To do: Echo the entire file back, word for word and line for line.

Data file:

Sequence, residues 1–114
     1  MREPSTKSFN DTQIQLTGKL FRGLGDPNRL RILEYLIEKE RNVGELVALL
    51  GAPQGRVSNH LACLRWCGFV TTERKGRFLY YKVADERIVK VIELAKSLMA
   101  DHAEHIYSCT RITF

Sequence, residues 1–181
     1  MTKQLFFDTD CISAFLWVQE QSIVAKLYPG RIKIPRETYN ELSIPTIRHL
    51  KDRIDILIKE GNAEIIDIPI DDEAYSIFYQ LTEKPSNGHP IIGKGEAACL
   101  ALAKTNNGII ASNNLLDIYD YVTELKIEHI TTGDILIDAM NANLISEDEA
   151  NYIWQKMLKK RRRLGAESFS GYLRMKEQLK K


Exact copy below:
Sequence, residues 1–114
     1  MREPSTKSFN DTQIQLTGKL FRGLGDPNRL RILEYLIEKE RNVGELVALL
    51  GAPQGRVSNH LACLRWCGFV TTERKGRFLY YKVADERIVK VIELAKSLMA
   101  DHAEHIYSCT RITF

Sequence, residues 1–181
     1  MTKQLFFDTD CISAFLWVQE QSIVAKLYPG RIKIPRETYN ELSIPTIRHL
    51  KDRIDILIKE GNAEIIDIPI DDEAYSIFYQ LTEKPSNGHP IIGKGEAACL
   101  ALAKTNNGII ASNNLLDIYD YVTELKIEHI TTGDILIDAM NANLISEDEA
   151  NYIWQKMLKK RRRLGAESFS GYLRMKEQLK K